How does a FX Forward transaction work?

| 27-11-2017 | treasuryXL |

A Foreign Exchange Swap (also known as a FX Forward) is a two-legged transaction where one currency is sold or bought against another currency at a determined date, and then simultaneously bought or sold back against the other currency at a future date. Normally this means the first transaction would take place at the prevailing spot rate and settle on the spot date, whilst the forward transaction would prevail at an agreed forward rate and settle on the agreed forward date. The difference between the Spot price (or first price) and the Forward price (or second price) represents the FX Forward and is expressed as Swap points.

What are Swap points?

Swap points represent the cost of borrowing one currency, whilst simultaneously lending another currency for a time period equal to the swap period. Swap points are therefore the cost of carry netted out between two currencies and used to adjust the existing Spot price to express the Forward price.

Worked example

Currency 1 ABC
Currency 2 XYZ
Period 6 months
Days in period 183
Interest rate 6 months ABC 4%
Interest rate 6 months XYZ  7%
Spot ABC/XYZ 2.1025

For ABC 1,000,000.00 there are XYZ 2,102,500.00

ABC 1,000,000.00 * (1+4/100*183/360)     = ABC 1,020,000.00
XYZ 2,102,500.00 * (1+7/100*183/360)      = XYZ 2,177,313.96

XYZ 2,177,313.96/ABC 1,020,333.33 = 2.1339

Swap points = +/+ 314 pips

What does this mean?

The Forward price of 2.1339 is higher than the Spot price of 2.1025 and means that the currency ABC trades at a forward premium to currency XYZ. Therefore, the Swap points of 314 pips are added to the current Spot price. A bank that is quoting would only quote the Swap points. A two-way quote would look something like 304/324. At 304 the bank would sell and buy ABC – spot against 6 months – against buying and selling XYZ. At 324 they would do the complete reverse.

So is the Forward price the same as a future?

No, the Forward price is not an attempt to determine the future value of currency ABC expressed in the price of currency XYZ. It is a price that is derived by notionally hedging the notional values of both currencies against their respective interest rates that are applicable at that moment in time. The Forward price is an example of interest rate parity – a state of non-arbitrage or equilibrium where traders are indifferent to either as there is no monetary advantage in either. Forwards are traded ‘Over the Counter’ and not via an exchange. Regardless of what the future value of spot ABC/XYZ is, once the trade has been executed there can only ever be opportunity loss or profit in the bookkeeping.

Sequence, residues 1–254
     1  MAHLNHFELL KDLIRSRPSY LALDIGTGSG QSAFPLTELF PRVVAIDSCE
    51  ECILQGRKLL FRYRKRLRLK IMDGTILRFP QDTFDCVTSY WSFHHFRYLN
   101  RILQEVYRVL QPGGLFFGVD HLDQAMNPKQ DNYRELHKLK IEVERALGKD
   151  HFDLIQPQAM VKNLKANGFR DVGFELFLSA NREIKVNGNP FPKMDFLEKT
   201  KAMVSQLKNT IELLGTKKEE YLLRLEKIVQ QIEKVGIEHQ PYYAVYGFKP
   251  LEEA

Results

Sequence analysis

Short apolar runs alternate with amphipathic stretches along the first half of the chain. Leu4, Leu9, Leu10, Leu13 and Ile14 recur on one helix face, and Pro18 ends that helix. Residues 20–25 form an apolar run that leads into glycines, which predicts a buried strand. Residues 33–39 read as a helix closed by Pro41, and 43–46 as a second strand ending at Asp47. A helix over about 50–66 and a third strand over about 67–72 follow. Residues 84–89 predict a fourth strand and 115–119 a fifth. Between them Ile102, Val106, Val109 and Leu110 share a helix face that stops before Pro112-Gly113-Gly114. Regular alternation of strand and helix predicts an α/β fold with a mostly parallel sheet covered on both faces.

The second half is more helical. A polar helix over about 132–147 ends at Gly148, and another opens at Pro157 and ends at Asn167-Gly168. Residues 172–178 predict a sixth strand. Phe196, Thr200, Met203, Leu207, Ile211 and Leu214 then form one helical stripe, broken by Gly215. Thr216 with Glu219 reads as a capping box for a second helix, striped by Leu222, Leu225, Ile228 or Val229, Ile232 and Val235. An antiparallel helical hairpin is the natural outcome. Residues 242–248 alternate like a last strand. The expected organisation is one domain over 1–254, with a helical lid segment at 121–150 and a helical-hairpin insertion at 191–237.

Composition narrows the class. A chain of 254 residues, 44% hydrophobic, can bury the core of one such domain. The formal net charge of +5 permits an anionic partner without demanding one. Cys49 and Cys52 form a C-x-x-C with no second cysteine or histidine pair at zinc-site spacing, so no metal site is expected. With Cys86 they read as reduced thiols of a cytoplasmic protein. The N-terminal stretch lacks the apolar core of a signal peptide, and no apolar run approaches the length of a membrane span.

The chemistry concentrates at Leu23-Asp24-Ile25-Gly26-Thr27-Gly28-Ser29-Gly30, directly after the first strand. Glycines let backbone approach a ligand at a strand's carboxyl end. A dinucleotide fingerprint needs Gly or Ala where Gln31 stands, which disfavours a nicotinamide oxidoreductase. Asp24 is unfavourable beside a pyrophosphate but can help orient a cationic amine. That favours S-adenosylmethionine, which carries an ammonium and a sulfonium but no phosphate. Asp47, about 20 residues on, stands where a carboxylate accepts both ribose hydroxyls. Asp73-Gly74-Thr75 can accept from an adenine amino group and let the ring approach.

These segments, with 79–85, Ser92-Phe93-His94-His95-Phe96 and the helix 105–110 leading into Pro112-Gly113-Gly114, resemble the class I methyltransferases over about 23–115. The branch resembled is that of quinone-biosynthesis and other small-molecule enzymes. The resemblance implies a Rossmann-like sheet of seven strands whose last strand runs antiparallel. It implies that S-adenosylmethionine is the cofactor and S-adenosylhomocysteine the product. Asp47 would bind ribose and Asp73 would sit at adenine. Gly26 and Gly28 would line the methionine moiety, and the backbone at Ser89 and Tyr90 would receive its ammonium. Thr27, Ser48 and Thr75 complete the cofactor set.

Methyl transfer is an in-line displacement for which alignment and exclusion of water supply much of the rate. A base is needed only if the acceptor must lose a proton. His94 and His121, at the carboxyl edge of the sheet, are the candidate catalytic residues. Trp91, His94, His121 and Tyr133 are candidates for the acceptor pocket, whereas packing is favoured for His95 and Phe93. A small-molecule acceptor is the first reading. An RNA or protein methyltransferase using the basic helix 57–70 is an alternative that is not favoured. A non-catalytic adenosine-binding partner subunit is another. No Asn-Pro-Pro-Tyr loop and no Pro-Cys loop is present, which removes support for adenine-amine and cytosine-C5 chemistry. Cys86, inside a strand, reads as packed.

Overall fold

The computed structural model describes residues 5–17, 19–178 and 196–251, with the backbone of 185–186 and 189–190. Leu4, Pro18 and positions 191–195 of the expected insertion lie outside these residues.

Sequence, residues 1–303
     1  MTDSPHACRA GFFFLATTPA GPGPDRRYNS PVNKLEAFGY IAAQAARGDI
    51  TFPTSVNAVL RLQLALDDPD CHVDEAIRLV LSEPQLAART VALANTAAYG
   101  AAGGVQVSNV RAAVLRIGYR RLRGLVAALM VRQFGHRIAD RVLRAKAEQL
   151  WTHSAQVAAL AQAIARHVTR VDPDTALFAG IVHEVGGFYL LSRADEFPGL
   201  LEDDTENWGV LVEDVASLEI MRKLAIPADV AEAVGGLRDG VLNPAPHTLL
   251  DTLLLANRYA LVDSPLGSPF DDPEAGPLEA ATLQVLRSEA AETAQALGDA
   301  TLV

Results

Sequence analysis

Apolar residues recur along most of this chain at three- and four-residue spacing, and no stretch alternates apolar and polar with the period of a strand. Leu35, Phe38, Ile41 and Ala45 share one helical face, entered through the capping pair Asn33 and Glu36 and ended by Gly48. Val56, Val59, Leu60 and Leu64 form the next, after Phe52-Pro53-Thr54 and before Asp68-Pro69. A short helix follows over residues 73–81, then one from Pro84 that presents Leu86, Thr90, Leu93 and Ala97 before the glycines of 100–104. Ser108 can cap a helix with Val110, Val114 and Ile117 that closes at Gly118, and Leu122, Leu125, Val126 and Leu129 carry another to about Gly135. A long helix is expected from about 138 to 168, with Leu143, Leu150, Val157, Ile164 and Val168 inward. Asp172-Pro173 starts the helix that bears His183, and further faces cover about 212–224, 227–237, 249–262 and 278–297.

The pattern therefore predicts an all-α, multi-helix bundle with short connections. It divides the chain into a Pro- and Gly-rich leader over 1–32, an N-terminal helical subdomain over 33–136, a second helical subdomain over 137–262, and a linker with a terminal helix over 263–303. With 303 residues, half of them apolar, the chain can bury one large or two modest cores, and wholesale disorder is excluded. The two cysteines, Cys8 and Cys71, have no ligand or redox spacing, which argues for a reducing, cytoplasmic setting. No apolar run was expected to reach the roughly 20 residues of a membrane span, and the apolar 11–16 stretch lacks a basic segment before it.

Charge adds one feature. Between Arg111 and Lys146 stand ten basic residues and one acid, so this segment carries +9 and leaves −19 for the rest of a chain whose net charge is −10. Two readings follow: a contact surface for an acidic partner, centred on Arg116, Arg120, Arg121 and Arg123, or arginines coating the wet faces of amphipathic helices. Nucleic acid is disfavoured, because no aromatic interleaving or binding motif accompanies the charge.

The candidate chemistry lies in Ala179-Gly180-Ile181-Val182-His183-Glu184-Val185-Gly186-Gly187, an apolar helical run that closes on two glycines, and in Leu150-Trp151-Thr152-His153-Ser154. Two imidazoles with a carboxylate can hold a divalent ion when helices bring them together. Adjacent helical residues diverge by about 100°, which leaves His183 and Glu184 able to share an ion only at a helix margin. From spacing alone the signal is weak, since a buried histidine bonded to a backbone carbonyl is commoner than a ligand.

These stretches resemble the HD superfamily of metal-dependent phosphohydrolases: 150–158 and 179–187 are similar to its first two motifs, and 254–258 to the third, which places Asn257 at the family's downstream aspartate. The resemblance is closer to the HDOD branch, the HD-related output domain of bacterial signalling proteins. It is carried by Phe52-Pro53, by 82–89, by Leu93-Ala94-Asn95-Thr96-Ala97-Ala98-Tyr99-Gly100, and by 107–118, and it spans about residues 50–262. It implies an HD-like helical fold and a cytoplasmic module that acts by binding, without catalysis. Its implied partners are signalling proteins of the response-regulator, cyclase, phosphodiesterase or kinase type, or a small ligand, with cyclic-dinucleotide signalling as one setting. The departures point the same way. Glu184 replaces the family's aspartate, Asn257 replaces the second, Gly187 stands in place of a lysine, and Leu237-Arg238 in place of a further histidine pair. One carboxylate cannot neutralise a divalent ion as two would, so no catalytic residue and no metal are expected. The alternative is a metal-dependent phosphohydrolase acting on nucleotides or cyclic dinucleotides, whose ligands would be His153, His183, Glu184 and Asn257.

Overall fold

Variations

FX Forwards can also be forward starting – a client might wish to create/hedge an exposure starting in 4 months’ time and with a tenor of 6 months. This would be seen as a 6 month starting in 4 months’ time – or a 4m*10m. Such a Forward would be calculated from the present spot to both 4 months and 10 months, with the present Spot rate adjusted for the Forward price for 4 months to reflect the new starting price.

Alternatively, instead of swapping a position, a client might just wish to hedge their exposure/obligation in the future by trading ‘Outright’. If they were to buy ABC forward they would enter into a FX Swap (sell ABC at spot and buy forward) and then immediately buy ABC at spot, offsetting the spot leg of the FX Swap.

What moves the price?

Changes in the underlying interest rates of both currencies will affect the calculation. Also as the interest rate differential of the two currencies is expressed as a price of the existing spot rate, changes in the spot rate will also cause changes in the outcome of the calculation – though generally smaller than those caused by changes in interest rates.

Why trade FX Forwards?

FX Forwards allow a company to hedge future exposure/obligations. Once the contract has been struck that value is confirmed and is not subject to ‘mark-to-market’ variation orders as happens with an off-balance sheet instrument. An exposure in one currency can be transformed into another currency via use of a FX Forward. An expected inflow or outflow that is delayed can be rolled forward by using a FX Forward.

Lionel Pavey

 

 

Lionel Pavey

Cash Management and Treasury Specialist

 

 

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